Anyway, what is important is my data which is always backup somewhere else. In the unlikely event that I do get infected, which I put at .0001%, I can recover from an image backup or reinstall Linux in 5 minutes. For the minuscule amount of Linux virus, the best antivirus is safe internet practices and by using your head. As for my images infected, possibly, but I guess the whole purpose of a virus is to do something. If I was infected I would have seen something weird. How do you know that the poor performing ClamAv has not let pass a virus anyway ?

        This is my own opinion and I don’t judged anyone else for their decision.

        1. Hello to Linux its the new and improved Windows 10. And my favorite is any Rolling Bleeding edge edition like redhat-fedora open-suse, debion-ubuntu.. that have updaters that automaticly participate, send anonymous usage, metadata(ip,cpuinfo,time, version,web-history,etc…) for FREEE.!!!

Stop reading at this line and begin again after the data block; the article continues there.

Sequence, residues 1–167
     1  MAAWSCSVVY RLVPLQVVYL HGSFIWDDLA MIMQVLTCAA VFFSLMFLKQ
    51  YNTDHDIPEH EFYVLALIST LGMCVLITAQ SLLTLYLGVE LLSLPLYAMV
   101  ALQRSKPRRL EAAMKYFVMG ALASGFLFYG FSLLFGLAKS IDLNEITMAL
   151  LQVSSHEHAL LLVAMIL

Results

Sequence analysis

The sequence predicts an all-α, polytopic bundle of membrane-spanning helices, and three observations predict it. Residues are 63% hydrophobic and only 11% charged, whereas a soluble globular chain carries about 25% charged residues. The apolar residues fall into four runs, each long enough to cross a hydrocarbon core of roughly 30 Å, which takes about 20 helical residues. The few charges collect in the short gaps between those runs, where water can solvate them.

I Mostly talk out of my rear hope that is okay. I like my root user gnome desktop running firefox or chrome browser must have flash/java to view my fancy sites and love storing my cookies and history along with my accessibilities i got my webcam and pulseaudio/mic/spkrs well intergrated into my system for extra special support. Fully upgraded ipv6 anycast network-discovery, systemd, at-spi-bus, a11y, gvfs, libvirt/virtualbox…are the best feature/tools.

          technology is awesome. just like apple microsoft google